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Aston University introduces biomass to China’s coal-fired power plants

Aston University’s Bioenergy Research Group is part of a European-Chinese team that will assess market opportunities for EU companies to introduce cofiring of biomass in China’s coal fired power stations in a new project launched this month.

The €590,000 ChEuBio (China EU Bioenergy project), funded by the European Commission, is a two-year initiative that will evaluate commercial possibilities of cofiring biomass in China’s coal fired power stations to help cut the country’s dependence on fossil fuel and reduce its greenhouse gas emissions.

Andrew Minchener, the Project Co-ordinator, said: “The potential impact of substituting coal with a CO2 neutral fuel is large. If half of the biomass wastes currently produced in China could be utilised in the existing power plants it could displace over 200 million tonnes of coal.”

Coal has fuelled China’s emergence as an economic powerhouse and today the country is the world’s largest coal producer and consumer. With over 70% of all energy consumed in China coming from coal, the market is promising for EU companies keen to introduce their cofiring technology to new markets.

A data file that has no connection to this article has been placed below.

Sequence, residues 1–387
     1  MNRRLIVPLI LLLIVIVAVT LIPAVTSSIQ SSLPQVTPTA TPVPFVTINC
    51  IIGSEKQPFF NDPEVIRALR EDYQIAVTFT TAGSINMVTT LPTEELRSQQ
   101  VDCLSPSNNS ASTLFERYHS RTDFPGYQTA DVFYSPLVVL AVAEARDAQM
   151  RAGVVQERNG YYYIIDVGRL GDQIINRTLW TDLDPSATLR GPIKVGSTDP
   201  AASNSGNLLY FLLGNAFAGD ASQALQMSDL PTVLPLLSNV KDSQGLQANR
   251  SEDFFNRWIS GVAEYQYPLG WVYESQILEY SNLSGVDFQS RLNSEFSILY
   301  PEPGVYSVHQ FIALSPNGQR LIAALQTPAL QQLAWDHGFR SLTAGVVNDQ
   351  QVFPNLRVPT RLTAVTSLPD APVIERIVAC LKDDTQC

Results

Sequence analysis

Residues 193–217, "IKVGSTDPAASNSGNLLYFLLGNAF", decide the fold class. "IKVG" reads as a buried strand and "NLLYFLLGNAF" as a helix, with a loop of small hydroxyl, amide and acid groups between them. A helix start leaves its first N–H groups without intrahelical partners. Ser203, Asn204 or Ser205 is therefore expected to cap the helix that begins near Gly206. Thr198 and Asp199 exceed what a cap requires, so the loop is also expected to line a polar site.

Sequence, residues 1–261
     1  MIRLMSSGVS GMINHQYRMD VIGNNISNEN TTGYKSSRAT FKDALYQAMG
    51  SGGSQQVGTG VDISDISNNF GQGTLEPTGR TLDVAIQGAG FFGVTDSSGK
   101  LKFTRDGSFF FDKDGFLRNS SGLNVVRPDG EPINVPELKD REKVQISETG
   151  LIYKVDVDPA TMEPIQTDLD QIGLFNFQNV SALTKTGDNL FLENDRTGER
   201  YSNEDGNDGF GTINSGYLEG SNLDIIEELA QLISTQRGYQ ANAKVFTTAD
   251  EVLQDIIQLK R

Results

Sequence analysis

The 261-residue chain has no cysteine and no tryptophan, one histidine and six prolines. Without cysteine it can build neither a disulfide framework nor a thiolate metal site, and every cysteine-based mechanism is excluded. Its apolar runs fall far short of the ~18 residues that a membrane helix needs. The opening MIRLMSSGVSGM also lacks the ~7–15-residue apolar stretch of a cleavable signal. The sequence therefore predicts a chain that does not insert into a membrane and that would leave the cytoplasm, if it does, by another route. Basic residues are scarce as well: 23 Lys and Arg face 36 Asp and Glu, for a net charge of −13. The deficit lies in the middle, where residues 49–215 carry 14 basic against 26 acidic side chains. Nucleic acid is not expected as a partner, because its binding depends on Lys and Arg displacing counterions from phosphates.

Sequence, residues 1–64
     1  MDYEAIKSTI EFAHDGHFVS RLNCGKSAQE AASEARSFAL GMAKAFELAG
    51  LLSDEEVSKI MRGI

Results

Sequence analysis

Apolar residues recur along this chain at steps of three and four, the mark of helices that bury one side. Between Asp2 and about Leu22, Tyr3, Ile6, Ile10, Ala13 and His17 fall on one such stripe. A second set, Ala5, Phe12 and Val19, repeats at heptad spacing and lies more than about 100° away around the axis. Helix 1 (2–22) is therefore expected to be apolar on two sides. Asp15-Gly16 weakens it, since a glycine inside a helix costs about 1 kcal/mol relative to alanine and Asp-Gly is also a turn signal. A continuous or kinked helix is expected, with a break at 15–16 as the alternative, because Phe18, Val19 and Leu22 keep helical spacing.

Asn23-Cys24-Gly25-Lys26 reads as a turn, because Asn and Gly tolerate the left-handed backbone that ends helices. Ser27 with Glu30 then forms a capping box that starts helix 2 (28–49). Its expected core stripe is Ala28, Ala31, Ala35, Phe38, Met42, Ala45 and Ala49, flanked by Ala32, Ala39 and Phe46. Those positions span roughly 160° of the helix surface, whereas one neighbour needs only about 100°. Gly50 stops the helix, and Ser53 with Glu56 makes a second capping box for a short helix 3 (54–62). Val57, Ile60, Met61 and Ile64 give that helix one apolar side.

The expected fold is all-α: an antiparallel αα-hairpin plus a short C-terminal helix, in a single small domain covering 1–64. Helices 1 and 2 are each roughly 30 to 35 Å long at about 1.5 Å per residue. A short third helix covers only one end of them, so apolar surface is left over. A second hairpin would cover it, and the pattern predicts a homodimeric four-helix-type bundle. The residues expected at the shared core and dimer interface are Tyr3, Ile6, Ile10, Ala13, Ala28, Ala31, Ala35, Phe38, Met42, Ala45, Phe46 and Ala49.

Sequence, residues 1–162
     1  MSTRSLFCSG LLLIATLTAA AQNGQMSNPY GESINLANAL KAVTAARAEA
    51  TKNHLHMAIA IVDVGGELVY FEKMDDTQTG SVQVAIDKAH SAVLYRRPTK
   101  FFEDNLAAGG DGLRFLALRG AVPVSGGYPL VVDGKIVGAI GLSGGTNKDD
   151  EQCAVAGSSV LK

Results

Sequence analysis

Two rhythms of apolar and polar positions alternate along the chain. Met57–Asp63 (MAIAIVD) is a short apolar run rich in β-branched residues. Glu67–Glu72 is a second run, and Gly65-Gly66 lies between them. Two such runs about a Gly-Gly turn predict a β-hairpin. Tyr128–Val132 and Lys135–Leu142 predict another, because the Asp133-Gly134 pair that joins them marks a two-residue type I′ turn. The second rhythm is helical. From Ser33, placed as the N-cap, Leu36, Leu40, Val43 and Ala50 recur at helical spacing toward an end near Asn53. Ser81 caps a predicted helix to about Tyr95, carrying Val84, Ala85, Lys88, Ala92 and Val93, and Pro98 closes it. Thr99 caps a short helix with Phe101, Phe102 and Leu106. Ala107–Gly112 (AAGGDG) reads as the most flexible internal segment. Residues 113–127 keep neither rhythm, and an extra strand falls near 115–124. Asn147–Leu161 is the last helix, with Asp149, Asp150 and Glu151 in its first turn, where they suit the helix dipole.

Cofiring, which is not currently practiced in China, involves burning coal and biomass together – mainly straw, reed, rice husks, and wastes from crops and wood. Cofiring cuts down on greenhouse gas emissions and can help to reduce global warming because biomass is a ‘carbon neutral’ fuel releasing the same amount of carbon when it is burned as it absorbs while growing.

China's economy is dauntingly complex. Its distributed farms make the logistics of biomass collection and transport challenging. ChEuBio will gather data on the biomass sources and availability, undertake case studies of various plants to assess possibilities for cofiring in China’s coal power plants, and determine the commercial potential for cofiring in China.

Aston University’s Bioenergy Research Group will use geographic modelling to evaluate the potential of using various biomass feedstocks in different regions of China, and will help to communicate the findings to the Chinese power industry and policy makers in the country.

Professor Tony Bridgwater, Head of the Bioenergy Research Group, said: “The fast growing economy in China offers enormous possibilities for bioenergy to make a major contribution to improving the global environment.”

ChEuBio will share the results with the European co-firing industry and help companies form technology partnerships with Chinese power stations.

Crystal Luxmore | alfa
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